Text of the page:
You don’t fire up the V6 to move off. The key goes in the ignition, you give it a twist and a light on the dash tells you you’re ready to move off. Pull the gear selector down to ‘Drive’, squeeze the throttle and you ease away under eerily-silent electric power.

This is the ‘milk float’ mode. In stop-start traffic, this is what will move you along and boost your economy average. Squeeze the throttle harder and an animated graphic on the dash tells you the big V6 has joined the party. Not that you’d know. There’s no additional noise, no buzzy vibration. Just more power.

Stomp hard on the throttle and the CVT lets the engine spin to its torque peak; it delivers a throaty but muted roar. And without the usual shift-jerk points of a regular automatic, the power delivery feels super-smooth and refined. The Lexus simply gathers speed, squeezing you back into your seat.

Lift off the throttle, and again the instrument panel graphic tells you that electricity is being generated and is topping up the battery. Same when you touch the brakes. And when you come to a complete stop, everything goes silent as the motor cuts off.

Apart from having to get used to the unnerving feeling of an engine dying on you every time you come to a halt, driving the hybrid Lexus is essentially similar to driving the regular RX330. Similar but slightly different in that the electric steering feels rather lifeless, and the feel of the electrically controlled brakes is corrupted by their need to generate electricity for the batteries.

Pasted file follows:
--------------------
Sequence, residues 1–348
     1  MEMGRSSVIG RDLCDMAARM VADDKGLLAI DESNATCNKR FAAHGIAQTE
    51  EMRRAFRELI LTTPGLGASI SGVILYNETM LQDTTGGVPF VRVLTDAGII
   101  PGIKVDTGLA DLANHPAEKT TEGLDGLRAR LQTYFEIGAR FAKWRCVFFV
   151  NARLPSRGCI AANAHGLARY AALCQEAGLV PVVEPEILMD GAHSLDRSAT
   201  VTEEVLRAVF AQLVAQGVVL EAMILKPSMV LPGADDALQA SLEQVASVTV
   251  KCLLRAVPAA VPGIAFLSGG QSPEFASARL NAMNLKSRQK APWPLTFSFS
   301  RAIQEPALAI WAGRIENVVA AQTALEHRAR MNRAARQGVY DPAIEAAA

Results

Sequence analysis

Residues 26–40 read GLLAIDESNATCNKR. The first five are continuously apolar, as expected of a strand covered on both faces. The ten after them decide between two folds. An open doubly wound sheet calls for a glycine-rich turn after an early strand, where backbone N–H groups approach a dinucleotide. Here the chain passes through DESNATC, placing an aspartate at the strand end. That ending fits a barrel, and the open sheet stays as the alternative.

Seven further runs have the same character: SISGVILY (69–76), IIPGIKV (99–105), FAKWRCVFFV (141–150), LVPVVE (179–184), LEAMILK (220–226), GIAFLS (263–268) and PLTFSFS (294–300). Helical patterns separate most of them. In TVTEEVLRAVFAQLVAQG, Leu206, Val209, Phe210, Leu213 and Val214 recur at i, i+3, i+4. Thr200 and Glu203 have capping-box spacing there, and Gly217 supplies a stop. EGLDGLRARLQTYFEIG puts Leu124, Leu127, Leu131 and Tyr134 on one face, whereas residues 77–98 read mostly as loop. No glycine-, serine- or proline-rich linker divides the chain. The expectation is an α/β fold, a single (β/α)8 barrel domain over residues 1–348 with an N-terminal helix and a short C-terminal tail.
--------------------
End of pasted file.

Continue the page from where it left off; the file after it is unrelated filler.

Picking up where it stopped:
And whereas the RX330 feels light, nimble and agile for a 4x4, the 400h feels a bit of a lump from the extra 100kg it has to tote around. Somehow it manages to feel a lot heavier than its 1984kg.But it’s a measure of the technology’s brilliance that the 400h is not only 0.9sec quicker to 60mph than the 330, but government fuel figures show it to be a 33 per cent more economical.

Not that you should take that 34.8mpg combined average as gospel just yet. A lot of the Lexus’ high economy depends on how hard you drive it. Keep your right foot hard down to enjoy that V6 and electric motor combo, or drive a lot of motorway miles at high speed, and you might be lucky to average 22mpg.

But keep the speed down, the throttle light, and make a lot of stop-start commutes, and you might be looking at 38mpg. Only a full Autocar test will provide the answer.

To some buyers, the only other negative might be the look of the RX400h. Apart from some minor exterior changes, such as a revised front grille and unique 18-inch wheels, this new Lexus 4x4 doesn’t shout too loudly about its environmentally friendly persona.

But that’s unlikely to worry Lexus. When the RX400h goes on sale in the UK in May, chances are it will become the new must-have 4x4 for the morning school run. High economy coupled with power and performance, plus the opportunity to irritate Red Ken? Priceless.

Howard Walker